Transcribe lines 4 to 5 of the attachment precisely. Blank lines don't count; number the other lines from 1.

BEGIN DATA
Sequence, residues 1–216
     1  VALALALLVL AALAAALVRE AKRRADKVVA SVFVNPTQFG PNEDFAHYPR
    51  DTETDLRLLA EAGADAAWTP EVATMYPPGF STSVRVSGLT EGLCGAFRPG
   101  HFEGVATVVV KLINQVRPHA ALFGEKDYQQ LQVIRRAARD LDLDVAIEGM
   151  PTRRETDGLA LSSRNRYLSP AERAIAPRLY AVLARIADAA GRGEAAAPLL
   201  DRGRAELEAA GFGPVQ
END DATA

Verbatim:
   101  HFEGVATVVV KLINQVRPHA ALFGEKDYQQ LQVIRRAARD LDLDVAIEGM
   151  PTRRETDGLA LSSRNRYLSP AERAIAPRLY AVLARIADAA GRGEAAAPLL